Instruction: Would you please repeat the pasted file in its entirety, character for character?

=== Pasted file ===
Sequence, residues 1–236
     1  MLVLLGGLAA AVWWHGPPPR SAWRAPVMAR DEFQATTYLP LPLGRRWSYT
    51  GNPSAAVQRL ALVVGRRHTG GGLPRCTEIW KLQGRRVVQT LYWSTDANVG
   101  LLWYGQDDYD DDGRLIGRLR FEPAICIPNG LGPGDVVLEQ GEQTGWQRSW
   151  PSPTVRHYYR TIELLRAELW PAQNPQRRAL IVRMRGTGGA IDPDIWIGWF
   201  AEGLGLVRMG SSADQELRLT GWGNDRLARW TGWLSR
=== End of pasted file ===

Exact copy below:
Sequence, residues 1–236
     1  MLVLLGGLAA AVWWHGPPPR SAWRAPVMAR DEFQATTYLP LPLGRRWSYT
    51  GNPSAAVQRL ALVVGRRHTG GGLPRCTEIW KLQGRRVVQT LYWSTDANVG
   101  LLWYGQDDYD DDGRLIGRLR FEPAICIPNG LGPGDVVLEQ GEQTGWQRSW
   151  PSPTVRHYYR TIELLRAELW PAQNPQRRAL IVRMRGTGGA IDPDIWIGWF
   201  AEGLGLVRMG SSADQELRLT GWGNDRLARW TGWLSR